Do hard money contributions by interest groups to members of Congress contribute to better quality policy deliberations and outcomes in congressional committees? A new study conducted by political scientist Kevin M. Esterling (University of California, Riverside) finds that over the long term—regardless of the intent of such contributions—they tend to create incentives for members of Congress to enhance their analytical capacity for policymaking.

In an article entitled "Buying Expertise: Campaign Contributions and Attention to Policy Analysis in Congressional Committees," Esterling explores the institutional effect of hard money campaign contributions by interest groups on spurring interest in "policy information, reasoned arguments, and expertise in congressional committees" by members of Congress. The article appears in the February issue of American Political Science Review, a journal of the American Political Science Association (APSA), and is available online at

Washington-based elites and interest groups regularly debate the implications of proposed courses of government action and this analysis is often couched in terms of analytical policy research. The author notes that for members of Congress, acquiring the policy expertise needed to engage in this debate while continuing to appeal to their constituents in terms they can relate to "creates a dilemma" because policy expertise is "inherently difficult to communicate in a sound bite that will resonate with constituents." Contributions by interest groups shape this environment by establishing a tangible incentive structure for lawmakers to care about policy expertise and outcomes. In his analysis Esterling groups members of Congress into two categories based on their analytical capacity given their background, prior occupation, education, interest in policy analysis, and staffing patterns—among other factors. "Work horses" include members who have a high analytical capacity and in hearings focus on the intellectual and analytical aspects of policies that are of interest to organized groups. "Show horses" are members who have a low analytical capacity and tend to emphasize their identification with constituents in hearings.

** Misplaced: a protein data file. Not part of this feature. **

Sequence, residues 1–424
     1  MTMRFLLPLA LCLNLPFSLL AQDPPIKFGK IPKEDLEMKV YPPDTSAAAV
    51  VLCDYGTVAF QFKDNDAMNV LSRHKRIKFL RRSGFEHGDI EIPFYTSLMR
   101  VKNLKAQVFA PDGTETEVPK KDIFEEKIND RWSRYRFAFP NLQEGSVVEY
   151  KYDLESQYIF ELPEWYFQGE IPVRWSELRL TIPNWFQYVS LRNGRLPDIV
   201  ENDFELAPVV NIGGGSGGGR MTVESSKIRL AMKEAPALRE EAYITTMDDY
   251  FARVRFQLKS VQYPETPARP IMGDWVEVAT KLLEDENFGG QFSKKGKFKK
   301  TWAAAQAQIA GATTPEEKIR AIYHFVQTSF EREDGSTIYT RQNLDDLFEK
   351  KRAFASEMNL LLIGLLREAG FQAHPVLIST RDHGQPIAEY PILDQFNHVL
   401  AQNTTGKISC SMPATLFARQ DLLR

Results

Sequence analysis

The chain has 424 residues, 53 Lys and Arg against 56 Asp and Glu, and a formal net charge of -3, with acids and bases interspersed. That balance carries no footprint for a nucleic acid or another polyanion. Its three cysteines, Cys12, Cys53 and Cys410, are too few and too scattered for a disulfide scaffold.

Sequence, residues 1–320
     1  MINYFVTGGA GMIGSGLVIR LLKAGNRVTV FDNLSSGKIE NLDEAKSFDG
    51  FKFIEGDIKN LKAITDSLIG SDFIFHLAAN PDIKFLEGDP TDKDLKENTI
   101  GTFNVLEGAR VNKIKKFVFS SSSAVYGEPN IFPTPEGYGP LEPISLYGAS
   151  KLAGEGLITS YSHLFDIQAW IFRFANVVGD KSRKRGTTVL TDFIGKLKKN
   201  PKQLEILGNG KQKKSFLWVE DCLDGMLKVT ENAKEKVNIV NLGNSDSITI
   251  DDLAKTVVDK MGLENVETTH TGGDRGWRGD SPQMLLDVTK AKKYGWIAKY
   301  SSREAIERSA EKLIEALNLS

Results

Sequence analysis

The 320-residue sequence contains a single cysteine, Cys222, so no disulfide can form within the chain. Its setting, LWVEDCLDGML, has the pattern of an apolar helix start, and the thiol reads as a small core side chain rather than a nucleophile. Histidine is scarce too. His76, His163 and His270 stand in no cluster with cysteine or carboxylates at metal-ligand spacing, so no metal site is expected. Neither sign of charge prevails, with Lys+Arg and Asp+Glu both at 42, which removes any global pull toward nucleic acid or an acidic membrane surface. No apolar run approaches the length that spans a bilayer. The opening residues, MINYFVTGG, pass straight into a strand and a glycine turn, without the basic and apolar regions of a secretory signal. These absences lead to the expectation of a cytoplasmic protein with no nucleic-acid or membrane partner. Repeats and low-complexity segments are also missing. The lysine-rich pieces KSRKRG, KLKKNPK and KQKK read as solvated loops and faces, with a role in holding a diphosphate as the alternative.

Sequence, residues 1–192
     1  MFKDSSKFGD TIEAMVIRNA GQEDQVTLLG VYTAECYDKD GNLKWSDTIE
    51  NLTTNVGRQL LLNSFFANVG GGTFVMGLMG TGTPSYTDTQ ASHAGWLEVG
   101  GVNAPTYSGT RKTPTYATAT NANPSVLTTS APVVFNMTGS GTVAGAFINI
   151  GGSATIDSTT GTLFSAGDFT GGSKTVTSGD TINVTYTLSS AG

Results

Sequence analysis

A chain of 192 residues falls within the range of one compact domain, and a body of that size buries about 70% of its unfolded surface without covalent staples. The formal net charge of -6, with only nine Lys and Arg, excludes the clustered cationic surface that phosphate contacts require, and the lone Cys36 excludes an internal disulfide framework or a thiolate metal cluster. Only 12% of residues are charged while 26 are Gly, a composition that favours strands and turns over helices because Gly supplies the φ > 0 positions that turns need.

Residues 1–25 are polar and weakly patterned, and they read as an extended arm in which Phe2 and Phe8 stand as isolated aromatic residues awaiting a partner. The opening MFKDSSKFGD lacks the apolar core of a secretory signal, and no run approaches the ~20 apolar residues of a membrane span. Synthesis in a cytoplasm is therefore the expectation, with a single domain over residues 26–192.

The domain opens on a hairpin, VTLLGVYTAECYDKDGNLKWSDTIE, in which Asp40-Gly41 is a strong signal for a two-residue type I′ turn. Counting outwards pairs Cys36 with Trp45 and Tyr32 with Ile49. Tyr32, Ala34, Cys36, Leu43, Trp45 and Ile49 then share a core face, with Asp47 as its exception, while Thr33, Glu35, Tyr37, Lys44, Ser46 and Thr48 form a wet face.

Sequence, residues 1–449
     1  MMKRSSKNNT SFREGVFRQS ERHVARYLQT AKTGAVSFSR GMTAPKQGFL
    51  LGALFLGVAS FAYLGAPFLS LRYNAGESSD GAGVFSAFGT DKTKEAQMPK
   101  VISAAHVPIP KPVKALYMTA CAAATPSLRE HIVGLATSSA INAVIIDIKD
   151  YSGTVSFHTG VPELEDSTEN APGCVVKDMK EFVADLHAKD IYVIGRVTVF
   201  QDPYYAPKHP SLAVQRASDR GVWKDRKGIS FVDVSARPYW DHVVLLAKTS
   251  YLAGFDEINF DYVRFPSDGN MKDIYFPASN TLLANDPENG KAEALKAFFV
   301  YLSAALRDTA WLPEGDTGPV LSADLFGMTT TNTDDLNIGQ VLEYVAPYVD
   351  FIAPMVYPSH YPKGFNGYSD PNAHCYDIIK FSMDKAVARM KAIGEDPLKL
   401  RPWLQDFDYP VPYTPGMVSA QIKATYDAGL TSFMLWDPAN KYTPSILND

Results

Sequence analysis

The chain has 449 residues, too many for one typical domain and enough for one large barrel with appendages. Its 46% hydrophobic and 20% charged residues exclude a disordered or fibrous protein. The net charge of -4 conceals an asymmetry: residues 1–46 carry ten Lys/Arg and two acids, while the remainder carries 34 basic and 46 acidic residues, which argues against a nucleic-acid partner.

Using data drawn from 23 hearings on the Medicare program held by 9 congressional committees between 2000 and 2003 and involving 203 different lawmakers, the author makes several important observations based on a rigorous analytical model. First, hard money campaign contributions by interest groups "create incentives for members to build analytical capacity." Second, "contributions and attention to analysis in committees go hand-in-hand." Third, "show horses do not tend to attract contributions from groups." Fourth, "bill sponsors tend to act as workhorses." Fifth, "a member who especially is concerned with connecting with constituents will feel the need to attend to constituent interests using accessible and empathetic dialogue." Finally, the author states that in the long term, as campaign contributions flow to more productive members, "elections may select higher capacity members across congressional election cycles." On balance, Esterling concludes that even if unintentional, these contributions amount to "a type of subsidy that…improves the policymaking capacity and professionalism of the legislature. In this sense, hard money contributions provide a normative good to democracy."

The debate over the role and impact of interest groups in politics and policy formulation is a longstanding one in the discipline of political science and broader American society, as reflected by the prominence of issues such as campaign finance reform. By employing a rigorous analytical framework, these research findings shed light on these important questions and refine our understanding of them—most notably with regard to the specific issue of private money contributions to lawmakers.

Written from a news release by American Political Science Association